North Americans fall somewhere between these two extremes. Different personality-types may also react differently to your approach: Even the same person may vary in tolerance from day to day, according to mood: Posture Most of us are quite good at controlling our faces — maintaining an expression of polite interest, for example, when we are really bored to tears, or even nodding when we really disagree! But we tend to be less conscious of what the rest of our body is doing.
We may be smiling and nodding, but unconsciously revealing our disagreement by a tense posture with tightly folded arms. This is known as 'non-verbal leakage': When flirting, you should therefore watch out for signs of this 'non-verbal leakage' in your partner's posture — and try to send the right signals with your own posture. Your partner's 'non-verbal leakage' can give you advance warning that your chat-up isn't working. Leaning backwards and supporting the head on one hand are signs of boredom.
These are signs of attentiveness and interest or liking. Experiments have also shown that females are more likely to tilt their heads to one side when they are interested in the person they are talking to. Men should beware, however, of automatically assuming that these signs indicate sexual interest.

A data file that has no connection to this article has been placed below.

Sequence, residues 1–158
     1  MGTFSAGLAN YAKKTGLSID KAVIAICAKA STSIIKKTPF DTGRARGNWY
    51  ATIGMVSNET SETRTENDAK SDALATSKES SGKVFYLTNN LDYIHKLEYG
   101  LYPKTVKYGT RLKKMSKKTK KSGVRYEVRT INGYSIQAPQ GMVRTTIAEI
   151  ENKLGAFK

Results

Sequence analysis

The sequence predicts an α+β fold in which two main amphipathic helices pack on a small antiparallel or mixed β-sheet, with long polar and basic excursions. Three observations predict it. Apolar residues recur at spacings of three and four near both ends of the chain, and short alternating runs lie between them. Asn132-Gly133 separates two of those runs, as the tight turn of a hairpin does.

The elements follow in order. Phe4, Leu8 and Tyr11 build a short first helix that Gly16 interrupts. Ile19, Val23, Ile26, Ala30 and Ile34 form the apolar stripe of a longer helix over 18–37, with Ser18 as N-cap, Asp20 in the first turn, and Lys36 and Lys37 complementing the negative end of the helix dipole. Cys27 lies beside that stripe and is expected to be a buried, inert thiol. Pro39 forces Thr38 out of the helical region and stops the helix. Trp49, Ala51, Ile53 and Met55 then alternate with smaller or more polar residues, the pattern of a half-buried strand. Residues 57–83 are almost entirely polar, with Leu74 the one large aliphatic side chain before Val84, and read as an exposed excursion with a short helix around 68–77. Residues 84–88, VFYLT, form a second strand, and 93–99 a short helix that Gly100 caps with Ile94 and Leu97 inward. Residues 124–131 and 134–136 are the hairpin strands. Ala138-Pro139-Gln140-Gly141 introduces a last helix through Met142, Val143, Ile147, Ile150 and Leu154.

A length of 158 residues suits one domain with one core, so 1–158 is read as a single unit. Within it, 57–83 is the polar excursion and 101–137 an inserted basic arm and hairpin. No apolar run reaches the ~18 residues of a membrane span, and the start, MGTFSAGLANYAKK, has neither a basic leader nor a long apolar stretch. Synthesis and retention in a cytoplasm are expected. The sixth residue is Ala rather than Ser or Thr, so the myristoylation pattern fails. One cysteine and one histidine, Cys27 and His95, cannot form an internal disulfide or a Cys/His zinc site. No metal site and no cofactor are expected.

Women should be aware of men's tendency to make such assumptions, and avoid signalling interest too obviously. Another positive sign is what psychologists call 'postural congruence' or 'postural echo': Mirror-image postural echoes — where one person's left side 'matches' the other person's right side — are the strongest indication of harmony and rapport between the pair.
When flirting, you can also use postural echo to create a feeling of togetherness and harmony. Experiments have shown that although people are not consciously aware of someone deliberately 'echoing' their postures, they will evaluate a person who does this more favourably. This technique obviously has its limits. We would not suggest, for example, that a woman in a mini-skirt should 'echo' the open-legged sitting posture of her male companion. But if he is leaning forward with his left forearm resting on the table, she could create a sense of common identity by 'mirroring' this aspect of his posture — leaning forward with her right forearm on the table.
In addition to these 'generic' signals of interest, there are specifically male and female posture signals which are often seen in flirtatious encounters. These tend to be postures which enhance the masculine or dominant appearance of the male, and the femininity of the female. Males may adopt postures which make them appear taller, larger and more impressive, such as placing hands in pockets with elbows out to enlarge the chest, or leaning one hand at above shoulder height on a wall to appear taller and more imposing.